Harlem Aria premiered at the 1999 Toronto Film Festival, received a smattering of openings abroad, and then was shelved after Viacom bought out the film’s domestic distributor. Writer-director William Jennings went on to become the head of a documentary program at Hofstra University and, like his protagonist, clung to his vision of himself as an artist. In his screenplay, Jennings obviously draws from his own experience in dramatizing the dilemmas that confront talented black men. And Anton’s aspirations are unusual—opera is, overwhelmingly, white. As the solitary man of color, even if he is a success, Anton will become an object of curiosity, held up by blacks as an example of achievement, and by whites as proof that racial differences do not exist. Other blacks will assess his “blackness,” and whites will measure his ability to “fit in.”

Anton eventually befriends Wes (Damon Wayans), the thief who stole his money, despite Wes’ needling that he’s not black enough, and that he prefers the company of Matthew (Christian Camargo), a white concert pianist and a victim of his own success. Matthew offers Anton a spot in his “street performances” in Washington Square Park. Both men exploit Anton by making money from his spirited, crowd-pleasing arias.

Matthew, whose girlfriend Julia (Kristen Wilson) is a world-renowned diva, has the means to help Anton but he doesn’t, and Wes continually points out Matthew’s racist attitudes in order to garner favor with Anton. The banter between Matthew and Wes, sometimes comic, sometimes biting, dramatizes Anton’s predicament, but also the lot of any successful artist in a society divided by class and race.

While Jennings has a gift for dialogue, the plot of Harlem Aria is uneven. How Anton made it from Harlem to Greenwich Village isn’t explained and, in order to keep his guy-flick perspective, Jennings pushes the women too far into the background. This presents a problem when Julia, absent for half the movie, arrives from a European tour.

Black men do not generally take to the road in American cinema, so Anton, despite the fact that he only gets downtown from Harlem, is a distinctive protagonist. He’s also a character out of American screwball comedy. There is a bit of Joel McCrea’s John L. Sullivan in Anton; the two share a certain nobility because their road trips are inspired by a conscious desire to improve themselves. In Sullivan’s Travels, a somewhat dull-witted Hollywood director sets out, against the advice of his associates, to experience poverty in order to craft socially relevant films. What he learns is that he already makes films which speak to the disenfranchised. In Anton’s case, the journey to Italy is about having the opportunity to study there, but his talent is already developed, and obvious to everyone who hears him. The road allows Anton to see the world more clearly, and it strengthens his resolve. In the end, Anton’s great soul also transforms Wes and Matthew.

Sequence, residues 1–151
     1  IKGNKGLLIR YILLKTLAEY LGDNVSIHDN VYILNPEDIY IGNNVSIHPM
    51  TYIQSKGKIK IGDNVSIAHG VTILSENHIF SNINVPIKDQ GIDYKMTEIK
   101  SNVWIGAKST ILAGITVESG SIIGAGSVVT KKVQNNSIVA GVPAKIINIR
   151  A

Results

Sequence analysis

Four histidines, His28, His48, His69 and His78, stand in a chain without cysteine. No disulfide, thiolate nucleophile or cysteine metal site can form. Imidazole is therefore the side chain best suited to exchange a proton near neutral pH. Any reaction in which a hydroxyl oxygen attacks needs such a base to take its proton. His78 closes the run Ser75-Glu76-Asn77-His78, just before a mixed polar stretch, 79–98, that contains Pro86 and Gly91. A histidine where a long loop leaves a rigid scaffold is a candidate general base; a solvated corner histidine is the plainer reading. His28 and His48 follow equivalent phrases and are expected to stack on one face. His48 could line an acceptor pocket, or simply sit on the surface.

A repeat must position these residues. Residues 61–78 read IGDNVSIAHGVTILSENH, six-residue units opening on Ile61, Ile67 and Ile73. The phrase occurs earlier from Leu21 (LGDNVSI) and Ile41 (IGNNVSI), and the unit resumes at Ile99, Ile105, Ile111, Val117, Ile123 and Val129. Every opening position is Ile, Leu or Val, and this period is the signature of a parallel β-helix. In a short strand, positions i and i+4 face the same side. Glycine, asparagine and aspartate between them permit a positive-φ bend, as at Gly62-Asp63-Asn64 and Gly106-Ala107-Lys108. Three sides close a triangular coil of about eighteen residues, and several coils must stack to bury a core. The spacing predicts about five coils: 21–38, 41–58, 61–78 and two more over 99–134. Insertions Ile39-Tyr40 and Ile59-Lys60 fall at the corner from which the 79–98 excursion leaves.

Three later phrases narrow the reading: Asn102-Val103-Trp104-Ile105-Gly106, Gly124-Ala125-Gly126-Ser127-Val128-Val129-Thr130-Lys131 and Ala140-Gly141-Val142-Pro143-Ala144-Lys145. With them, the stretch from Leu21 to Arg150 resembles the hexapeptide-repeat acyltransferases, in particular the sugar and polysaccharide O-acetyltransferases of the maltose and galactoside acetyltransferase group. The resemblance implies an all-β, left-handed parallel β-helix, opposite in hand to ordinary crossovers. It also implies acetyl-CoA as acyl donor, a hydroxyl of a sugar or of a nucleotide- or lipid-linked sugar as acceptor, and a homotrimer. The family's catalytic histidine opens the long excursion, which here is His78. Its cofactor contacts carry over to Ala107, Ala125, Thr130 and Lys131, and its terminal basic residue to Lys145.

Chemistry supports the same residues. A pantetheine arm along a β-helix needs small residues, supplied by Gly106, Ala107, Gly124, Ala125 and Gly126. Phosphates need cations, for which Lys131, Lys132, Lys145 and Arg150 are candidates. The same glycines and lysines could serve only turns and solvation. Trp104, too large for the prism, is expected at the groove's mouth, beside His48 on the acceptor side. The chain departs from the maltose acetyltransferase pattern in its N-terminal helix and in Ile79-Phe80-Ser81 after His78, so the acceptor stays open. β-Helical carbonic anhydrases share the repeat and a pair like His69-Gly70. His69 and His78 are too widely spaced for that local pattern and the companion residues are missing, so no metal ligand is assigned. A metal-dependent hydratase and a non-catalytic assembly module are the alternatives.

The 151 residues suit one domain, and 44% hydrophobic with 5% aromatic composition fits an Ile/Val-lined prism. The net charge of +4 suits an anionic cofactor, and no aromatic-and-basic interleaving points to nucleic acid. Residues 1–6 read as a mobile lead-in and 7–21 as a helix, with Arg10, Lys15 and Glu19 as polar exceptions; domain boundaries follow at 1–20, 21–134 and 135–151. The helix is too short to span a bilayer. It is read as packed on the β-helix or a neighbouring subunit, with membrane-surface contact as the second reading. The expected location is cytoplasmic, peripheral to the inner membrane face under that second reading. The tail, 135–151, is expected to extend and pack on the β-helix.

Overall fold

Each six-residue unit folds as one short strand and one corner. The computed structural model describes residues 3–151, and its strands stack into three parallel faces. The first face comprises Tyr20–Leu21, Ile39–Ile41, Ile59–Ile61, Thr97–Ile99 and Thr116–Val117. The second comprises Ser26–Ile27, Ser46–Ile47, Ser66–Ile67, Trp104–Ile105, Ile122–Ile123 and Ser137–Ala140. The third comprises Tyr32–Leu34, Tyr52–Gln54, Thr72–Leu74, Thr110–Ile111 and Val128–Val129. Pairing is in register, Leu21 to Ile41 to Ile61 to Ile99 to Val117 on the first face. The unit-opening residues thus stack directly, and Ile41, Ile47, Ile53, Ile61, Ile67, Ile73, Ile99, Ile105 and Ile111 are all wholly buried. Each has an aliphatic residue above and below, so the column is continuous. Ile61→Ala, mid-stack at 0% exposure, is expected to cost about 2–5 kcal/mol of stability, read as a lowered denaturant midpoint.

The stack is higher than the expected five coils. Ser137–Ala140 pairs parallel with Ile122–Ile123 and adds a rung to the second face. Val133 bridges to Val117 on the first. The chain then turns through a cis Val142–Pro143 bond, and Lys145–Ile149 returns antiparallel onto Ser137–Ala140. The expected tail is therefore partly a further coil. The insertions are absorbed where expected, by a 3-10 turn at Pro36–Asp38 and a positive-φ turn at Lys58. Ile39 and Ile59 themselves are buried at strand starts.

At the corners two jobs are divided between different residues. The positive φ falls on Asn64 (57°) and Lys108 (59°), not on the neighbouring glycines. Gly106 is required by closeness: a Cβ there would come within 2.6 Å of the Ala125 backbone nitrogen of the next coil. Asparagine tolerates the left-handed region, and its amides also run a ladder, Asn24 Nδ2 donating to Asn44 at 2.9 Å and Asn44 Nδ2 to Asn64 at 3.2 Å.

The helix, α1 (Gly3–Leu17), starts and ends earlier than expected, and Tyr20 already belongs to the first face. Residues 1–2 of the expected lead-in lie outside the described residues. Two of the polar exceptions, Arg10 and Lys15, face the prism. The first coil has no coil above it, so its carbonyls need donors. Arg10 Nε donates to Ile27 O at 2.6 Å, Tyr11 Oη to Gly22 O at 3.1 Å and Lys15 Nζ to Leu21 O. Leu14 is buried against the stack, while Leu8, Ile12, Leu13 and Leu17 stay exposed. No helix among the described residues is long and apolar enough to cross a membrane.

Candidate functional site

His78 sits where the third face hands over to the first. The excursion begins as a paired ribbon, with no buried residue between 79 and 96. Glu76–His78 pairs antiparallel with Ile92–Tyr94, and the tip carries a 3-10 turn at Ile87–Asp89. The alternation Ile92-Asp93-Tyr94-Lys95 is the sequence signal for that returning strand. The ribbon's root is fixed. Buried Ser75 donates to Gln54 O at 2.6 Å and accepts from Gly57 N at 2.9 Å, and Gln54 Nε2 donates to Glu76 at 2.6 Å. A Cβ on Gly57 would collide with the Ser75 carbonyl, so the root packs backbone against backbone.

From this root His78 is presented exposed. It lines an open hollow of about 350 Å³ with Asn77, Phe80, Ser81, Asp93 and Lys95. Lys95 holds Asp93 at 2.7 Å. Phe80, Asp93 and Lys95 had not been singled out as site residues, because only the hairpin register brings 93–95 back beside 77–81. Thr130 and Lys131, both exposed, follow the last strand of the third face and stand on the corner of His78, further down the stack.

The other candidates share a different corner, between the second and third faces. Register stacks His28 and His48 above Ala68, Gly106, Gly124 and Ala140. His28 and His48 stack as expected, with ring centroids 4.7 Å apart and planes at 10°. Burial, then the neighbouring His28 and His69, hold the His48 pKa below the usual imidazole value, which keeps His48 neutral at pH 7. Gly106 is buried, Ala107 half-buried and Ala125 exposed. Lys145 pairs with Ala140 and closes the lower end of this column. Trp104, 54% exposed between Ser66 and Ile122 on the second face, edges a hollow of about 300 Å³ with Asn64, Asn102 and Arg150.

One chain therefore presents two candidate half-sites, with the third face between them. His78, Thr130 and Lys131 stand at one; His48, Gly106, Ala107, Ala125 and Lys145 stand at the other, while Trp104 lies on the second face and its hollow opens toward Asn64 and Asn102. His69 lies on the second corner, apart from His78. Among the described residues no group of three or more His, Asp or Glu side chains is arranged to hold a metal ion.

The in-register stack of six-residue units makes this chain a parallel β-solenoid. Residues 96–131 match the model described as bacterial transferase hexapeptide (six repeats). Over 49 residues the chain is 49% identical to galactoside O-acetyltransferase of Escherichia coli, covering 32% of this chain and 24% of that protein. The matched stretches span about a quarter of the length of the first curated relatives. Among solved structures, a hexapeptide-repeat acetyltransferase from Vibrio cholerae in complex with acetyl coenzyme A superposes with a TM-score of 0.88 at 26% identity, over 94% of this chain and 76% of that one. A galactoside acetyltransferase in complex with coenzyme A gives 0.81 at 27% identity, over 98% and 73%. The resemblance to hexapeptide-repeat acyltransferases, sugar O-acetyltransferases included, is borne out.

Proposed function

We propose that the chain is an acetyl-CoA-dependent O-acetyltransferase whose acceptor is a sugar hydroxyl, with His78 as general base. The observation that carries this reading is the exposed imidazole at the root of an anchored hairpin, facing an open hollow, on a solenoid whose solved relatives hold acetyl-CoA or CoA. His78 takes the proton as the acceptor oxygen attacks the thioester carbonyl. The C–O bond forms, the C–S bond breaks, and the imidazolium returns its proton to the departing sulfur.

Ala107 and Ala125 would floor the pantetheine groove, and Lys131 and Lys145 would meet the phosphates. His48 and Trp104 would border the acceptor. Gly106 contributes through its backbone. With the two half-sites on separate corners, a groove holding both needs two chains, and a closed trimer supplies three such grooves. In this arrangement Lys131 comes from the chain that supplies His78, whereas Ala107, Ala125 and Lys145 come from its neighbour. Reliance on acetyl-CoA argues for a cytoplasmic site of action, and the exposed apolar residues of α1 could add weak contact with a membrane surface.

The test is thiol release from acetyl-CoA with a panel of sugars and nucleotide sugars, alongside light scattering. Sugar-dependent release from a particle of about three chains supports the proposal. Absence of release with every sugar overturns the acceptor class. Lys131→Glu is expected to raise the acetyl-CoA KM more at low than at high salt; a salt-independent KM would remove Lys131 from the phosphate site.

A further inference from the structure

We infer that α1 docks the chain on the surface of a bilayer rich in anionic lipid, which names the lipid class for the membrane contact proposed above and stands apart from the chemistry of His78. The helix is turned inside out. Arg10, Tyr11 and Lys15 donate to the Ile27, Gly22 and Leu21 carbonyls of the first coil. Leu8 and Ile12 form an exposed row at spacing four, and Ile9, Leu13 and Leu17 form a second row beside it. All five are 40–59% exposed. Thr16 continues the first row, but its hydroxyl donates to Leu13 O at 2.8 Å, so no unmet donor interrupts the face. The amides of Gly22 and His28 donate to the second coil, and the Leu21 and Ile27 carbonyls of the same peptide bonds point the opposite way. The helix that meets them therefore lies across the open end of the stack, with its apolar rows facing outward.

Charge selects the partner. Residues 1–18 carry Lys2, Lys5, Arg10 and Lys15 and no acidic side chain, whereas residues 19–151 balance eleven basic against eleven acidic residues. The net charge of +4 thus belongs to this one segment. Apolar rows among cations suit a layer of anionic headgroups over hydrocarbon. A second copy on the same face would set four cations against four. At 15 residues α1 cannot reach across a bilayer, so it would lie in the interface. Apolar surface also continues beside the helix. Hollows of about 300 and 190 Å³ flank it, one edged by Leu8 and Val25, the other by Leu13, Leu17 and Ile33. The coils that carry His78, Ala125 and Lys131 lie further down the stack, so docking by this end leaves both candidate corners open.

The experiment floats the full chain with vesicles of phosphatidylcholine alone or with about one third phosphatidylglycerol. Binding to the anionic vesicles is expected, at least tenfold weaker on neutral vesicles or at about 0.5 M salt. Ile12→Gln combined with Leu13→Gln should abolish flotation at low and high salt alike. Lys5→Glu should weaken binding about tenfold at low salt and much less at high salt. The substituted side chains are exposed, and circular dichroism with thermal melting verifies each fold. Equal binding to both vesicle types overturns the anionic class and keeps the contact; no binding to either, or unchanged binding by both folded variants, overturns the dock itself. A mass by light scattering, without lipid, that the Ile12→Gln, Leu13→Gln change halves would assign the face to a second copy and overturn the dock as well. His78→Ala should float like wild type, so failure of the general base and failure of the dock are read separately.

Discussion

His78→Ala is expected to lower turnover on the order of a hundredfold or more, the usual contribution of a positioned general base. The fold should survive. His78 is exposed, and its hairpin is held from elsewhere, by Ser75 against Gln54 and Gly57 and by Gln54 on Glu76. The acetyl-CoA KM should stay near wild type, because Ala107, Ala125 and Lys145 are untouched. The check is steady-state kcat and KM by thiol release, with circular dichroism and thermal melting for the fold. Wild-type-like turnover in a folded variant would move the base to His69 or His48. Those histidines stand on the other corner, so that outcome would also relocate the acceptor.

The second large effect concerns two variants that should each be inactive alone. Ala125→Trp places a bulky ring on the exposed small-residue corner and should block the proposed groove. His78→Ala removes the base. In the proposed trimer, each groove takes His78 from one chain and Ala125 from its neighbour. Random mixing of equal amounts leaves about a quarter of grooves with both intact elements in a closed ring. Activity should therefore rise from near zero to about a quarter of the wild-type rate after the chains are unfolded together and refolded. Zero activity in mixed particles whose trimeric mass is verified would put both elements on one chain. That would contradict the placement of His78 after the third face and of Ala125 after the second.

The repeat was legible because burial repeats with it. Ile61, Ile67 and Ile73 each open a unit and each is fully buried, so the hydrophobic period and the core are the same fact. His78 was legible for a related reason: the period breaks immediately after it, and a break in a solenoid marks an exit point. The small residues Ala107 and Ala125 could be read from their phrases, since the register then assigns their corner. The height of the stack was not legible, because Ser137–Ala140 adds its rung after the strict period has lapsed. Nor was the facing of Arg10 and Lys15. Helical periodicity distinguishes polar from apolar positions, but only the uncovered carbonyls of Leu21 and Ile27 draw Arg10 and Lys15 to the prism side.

It is rumored that Jennings made Harlem Aria for a few million dollars—and his economy of narrative is even more impressive. In just a few minutes, at the start of the film, he sketches Anton’s character with a wonderful tracking shot of the young man walking to work. There we see what Anton desires, but also what his aunt’s values saved him from, namely drugs and the other lures of street life. Overall, Harlem Aria is a skillfully edited, well-acted film.

Original music by two different composers, as well as heavenly Verdi and Puccini arias recorded with the Australian Opera and Ballet Orchestra, crowd the soundtrack, but their dissonance plays an important role. It exposes the bittersweet side of Anton’s future. Like Wes’ angry-black-man harangue throughout the film, the musical cacophony is a portrait of pathos, of “dreams deferred.” Anton’s “road” is a paved New York City street, but when the movie closes, he isn’t in Harlem anymore.